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Bill Kirchner: Renaissance Man

By Published: February 23, 2004
AAJ: The future of jazz in general. You and many others, your livelihood depends on that. Does that look good to you? Do you see problems for the music in general?

BK: Put it this way: I'm old enough to remember in the late 60s when people were going around, with absolute seriousness, saying 'Jazz is dead.' So it's 30-some years later and it's still around. I don't know how well it's doing. You read the reports of jazz record sales as a percentage of the overall market. A decade ago it was about 4 or 5 percent, now it's less than 2. So I don't know what that means. Of those, probably at least half, or more, are reissues. So, it's in a period of transition, to be sure. And I think jazz is going to be around for a long time. What form it's going to take? I don't know any more than anyone else. I think it's continuing to grow, but I think the nature of its growth is changing. Whereas in the past, we kind of depended on and expected the appearance, about once every 10 years, of a new seminal figure. A Louie Armstrong, a Duke Ellington, a Lester Young, a Charlie Parker, a Miles Davis, a John Coltrane.

I think the growth is going to come in a more subtle and less spectacular way from a variety of sources, and a variety of people. And it's not going to come from a handful of giants, the way it has in the past. There hasn't been a single musician since Coltrane died who's had the kind of impact that Coltrane had on virtually every aspect of the music. And some 30 years later I think people are getting accustomed to the fact that that's the way it's going to be and the music is going to grow in a different way. I think they're getting accustomed to that and accepting it. Whereas, until recently, many people were in a panic.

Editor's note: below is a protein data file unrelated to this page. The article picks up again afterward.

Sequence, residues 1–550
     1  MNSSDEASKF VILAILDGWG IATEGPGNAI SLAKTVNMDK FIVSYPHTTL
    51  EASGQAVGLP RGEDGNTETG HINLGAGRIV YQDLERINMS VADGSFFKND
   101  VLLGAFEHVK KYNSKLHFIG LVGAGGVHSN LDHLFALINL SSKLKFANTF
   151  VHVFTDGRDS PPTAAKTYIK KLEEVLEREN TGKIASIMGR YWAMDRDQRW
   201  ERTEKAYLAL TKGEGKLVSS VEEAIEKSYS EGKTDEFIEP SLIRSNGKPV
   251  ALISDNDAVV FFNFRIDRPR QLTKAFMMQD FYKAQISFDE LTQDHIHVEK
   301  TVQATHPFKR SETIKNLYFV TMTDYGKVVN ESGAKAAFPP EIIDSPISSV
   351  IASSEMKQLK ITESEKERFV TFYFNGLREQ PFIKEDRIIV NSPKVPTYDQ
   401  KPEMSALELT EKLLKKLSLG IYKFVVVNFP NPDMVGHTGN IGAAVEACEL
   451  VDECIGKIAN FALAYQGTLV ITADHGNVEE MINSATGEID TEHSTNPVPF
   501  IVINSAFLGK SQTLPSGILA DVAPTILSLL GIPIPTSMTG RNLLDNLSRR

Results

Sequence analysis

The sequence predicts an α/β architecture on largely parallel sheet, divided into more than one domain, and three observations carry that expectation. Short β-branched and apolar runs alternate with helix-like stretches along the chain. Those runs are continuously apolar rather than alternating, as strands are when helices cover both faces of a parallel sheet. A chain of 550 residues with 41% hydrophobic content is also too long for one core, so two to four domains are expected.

AAJ: Waiting for the next prophet.

BK: Exactly. The music is on the move; it's just in a different way. The influences are coming from all over the place. Mike Zwerin in his essay on jazz in Europe said something good. He said it's moving closer to the ground. I think that's a very good point.

AAJ: I think projects like yours help it, and people like you help it.

BK: Thank you.

AAJ: If you suddenly had the opportunity to play more and compose and concentrate on performing, would that be what you'd prefer?

BK: Probably, yes. Although I wouldn't want to cut everything else loose. Part of it is simple self-preservation. You know that even when things get good in a certain area, you know the bottom can suddenly drop out without warning, So I think it's just prudent to keep as many balls in the air, if I may use a juggling metaphor. I think it's good to keep all those balls in the air as much as possible, because things can change overnight in any given area.

AAJ: I admire your energy. You've gotten a lot of awards in various fields, are there any you hold above others?

BK: I've never quite thought of it that way. I've got a Grammy, I've got a NAIRD Indie award. I'm pleased with having both of those. But the main reward is just doing it. I feel like I've hit home runs in all these areas that I've been involved in, and I'm very proud of that. I think the reward is doing work that you're proud of.

AAJ: Future projects?

BK: Oh a couple of book projects that are in the wind and some other music projects of my own that are also in formation. Basically, keeping out there in as many different ways as possible. It's like John Hicks, the pianist, said: 'If you're not appearing, you're disappearing.' So the main job of all of us in this business is to keep appearing.

Visit Bill Kirchner on the web at .

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